Basic Science Laboratory Incident

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A glass bottle containing chemical waste exploded due to a reaction caused by incompatible chemicals being placed in the container. No injury resulted from the incident; however, impacts were significant. This type of incident can be prevented by controls that are available to all labs.


Proper chemical storage (chemical wastes or materials used in protocol) involves specific controls to be carried out by the lab. These controls include the use of chemical segregation guidelines, standard operating procedures, engineering controls, and inspections of the areas to ensure compatible storage


A lab staff person working approximately 8 meters from a chemical fume hood heard a "hissing" sound emanating from this hood. Approximately 10 seconds later, a loud explosion erupted and material shot out of a storage area with enough force to blow a cabinet door off of its hinges and cover a substantial portion of the lab with glass, a cabinet door, and a copper-colored liquid. Approximately 15 minutes prior to this explosion, safety representatives were en route to this location to collect chemical waste. Had a delay not occurred, these representatives may have been in the immediate vicinity of the explosion.



The reaction was caused by incompatible materials added to the same waste container. It is believed that nitric acid was added to a brown glass bottle that previously held an organic material. As the gas built up, the pressure in the container increased until the glass reached its breaking point.




Immediately after the explosion, lab staff contacted safety personnel who reported to the scene and inspected the incident area, along with lab staff and subject matter experts. Investigators were joined by University Police who obtained information on location, occurrence and involved personnel.

Immediately adjacent to this area was a "Weekly Container Integrity Inspection" sheet that had been checked off and initialed for each week, most recently being four days prior to the incident. Despite this, lab staff could not initially determine the contents of the bottles shattered by the explosion. After observing the copper-colored liquid found in the vicinity, colorimetric change from potassium iodide starch paper for detection of oxidizing agents, and additional questions answered by lab staff, it was concluded that nitric acid was in one of the shattered bottles. The brown bits of glass, including a piece of a circular handle, indicated that a four-liter waste bottle containing organic material was stored in the particular area of explosion.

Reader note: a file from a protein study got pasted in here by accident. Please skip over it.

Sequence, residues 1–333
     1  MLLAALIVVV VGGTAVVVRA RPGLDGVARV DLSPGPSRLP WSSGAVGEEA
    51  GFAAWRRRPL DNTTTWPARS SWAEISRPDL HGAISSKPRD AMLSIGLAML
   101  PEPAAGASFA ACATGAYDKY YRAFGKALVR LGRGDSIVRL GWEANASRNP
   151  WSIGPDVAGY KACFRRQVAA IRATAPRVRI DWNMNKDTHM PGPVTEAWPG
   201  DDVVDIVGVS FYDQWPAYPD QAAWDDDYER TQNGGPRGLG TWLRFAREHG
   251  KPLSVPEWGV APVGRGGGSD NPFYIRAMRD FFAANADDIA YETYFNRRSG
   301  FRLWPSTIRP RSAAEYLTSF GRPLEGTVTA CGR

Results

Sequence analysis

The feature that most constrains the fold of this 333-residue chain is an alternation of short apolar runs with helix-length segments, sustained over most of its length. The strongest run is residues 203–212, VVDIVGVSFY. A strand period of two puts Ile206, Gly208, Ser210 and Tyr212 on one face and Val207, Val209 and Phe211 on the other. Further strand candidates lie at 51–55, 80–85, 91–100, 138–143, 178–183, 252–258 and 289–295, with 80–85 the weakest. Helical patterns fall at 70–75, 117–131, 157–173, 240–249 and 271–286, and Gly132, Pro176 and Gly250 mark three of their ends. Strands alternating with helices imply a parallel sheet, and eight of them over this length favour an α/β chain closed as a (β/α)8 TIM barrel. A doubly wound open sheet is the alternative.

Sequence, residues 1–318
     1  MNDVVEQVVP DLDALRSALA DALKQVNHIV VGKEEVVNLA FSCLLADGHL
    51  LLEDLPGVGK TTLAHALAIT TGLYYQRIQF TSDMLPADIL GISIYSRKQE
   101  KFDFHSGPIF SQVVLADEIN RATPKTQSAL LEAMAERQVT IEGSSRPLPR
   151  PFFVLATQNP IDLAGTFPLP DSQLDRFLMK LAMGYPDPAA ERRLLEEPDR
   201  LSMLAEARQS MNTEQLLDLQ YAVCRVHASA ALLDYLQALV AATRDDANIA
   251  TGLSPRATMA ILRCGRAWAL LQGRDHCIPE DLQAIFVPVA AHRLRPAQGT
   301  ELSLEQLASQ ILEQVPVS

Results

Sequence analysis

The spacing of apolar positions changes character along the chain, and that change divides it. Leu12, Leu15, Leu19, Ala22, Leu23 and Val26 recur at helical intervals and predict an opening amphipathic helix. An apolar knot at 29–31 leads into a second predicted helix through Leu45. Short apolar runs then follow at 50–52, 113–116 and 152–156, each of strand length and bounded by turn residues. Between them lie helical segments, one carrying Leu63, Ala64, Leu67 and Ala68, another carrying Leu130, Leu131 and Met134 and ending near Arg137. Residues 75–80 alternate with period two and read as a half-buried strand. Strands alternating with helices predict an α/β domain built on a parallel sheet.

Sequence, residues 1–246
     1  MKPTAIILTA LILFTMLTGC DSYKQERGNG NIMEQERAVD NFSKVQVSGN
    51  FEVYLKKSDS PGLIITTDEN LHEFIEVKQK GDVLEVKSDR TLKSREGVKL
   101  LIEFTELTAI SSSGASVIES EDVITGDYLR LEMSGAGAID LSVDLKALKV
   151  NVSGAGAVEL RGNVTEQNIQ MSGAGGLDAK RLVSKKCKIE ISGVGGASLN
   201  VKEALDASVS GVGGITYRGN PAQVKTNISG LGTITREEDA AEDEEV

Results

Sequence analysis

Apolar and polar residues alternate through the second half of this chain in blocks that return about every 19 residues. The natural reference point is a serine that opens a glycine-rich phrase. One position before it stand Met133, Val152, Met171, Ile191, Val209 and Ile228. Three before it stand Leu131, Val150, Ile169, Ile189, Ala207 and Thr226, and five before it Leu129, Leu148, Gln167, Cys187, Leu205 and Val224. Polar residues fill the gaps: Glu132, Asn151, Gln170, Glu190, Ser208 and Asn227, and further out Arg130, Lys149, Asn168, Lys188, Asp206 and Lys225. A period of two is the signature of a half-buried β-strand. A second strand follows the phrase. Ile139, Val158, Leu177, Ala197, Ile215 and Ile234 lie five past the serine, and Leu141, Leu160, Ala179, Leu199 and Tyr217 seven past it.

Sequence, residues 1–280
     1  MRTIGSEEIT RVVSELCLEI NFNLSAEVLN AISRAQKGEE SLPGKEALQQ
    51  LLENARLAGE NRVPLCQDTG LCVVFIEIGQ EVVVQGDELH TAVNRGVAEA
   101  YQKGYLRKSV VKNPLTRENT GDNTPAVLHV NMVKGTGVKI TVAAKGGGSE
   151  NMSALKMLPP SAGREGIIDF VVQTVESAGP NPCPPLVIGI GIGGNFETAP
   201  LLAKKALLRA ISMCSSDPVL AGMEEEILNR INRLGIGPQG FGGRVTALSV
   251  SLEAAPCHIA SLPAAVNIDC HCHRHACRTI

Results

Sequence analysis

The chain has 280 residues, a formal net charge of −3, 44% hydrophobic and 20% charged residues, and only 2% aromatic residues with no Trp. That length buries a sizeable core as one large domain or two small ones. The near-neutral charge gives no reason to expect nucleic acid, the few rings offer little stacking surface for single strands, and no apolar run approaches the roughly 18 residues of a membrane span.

The lab was shut down immediately for two days to clean up the area, discuss root cause and contributing factors, and receive special safety training. While all lab personnel were restricted from the immediate area, the area was safely cleaned and decontaminated.


As illustrated in the figure below, the following factors contributed to the incident:

  • The lack of knowledge regarding the components of the chemical waste storage area clearly revealed that routine (weekly) hazardous waste area inspections were lacking. Moreover, acids were collected in an area restricted for flammable materials.
  • A lack of procedural bases for handling mineral acids existed in the lab. Safety offices provide guidance on development of SOPs; but must rely on labs to provide specificity on protocols and to make the SOP pertinent to specific lab operations. This did not exist.
  • Engineering controls, including the use of vented caps were not being utilized. These vented caps are intended to prevent pressure build-ups that may occur in containers.

Training was lacking. Though safety training is provided to labs, the importance of engineering and administrative controls (e.g., signage and guidance) was not fully understood. One example is the Basic Chemical Segregation Guideline, which enables labs to safely organize chemicals.


There are means at Georgetown for preventing these types of incidents.

1. Lab staff are required to review and follow the hazardous waste inspection procedures. Follow this link to review the Chemical Waste Safety Module

2. Procedures must be developed and shared to enable effective controls for highly hazardous materials and situations. Standard Operating Procedures are required for many toxic and physically hazardous substances. When working with the safety offices, labs should include adequate control measures (e.g., special handling procedures, vented caps) in these procedures.

3. All researchers should prioritize the use of hazardous chemicals, as well as physical hazards, in order for the most dangerous conditions to be fully addressed. Training must emphasize previous lessons learned (examples pertinent to waste segregation and chemical compatibility), which can be used to preclude incidents resulting from incompatibility.

4. Proper segregation of chemicals may be found in the laboratory Chemical Hygiene Plan or the Basic Chemical Segregation Guidelines.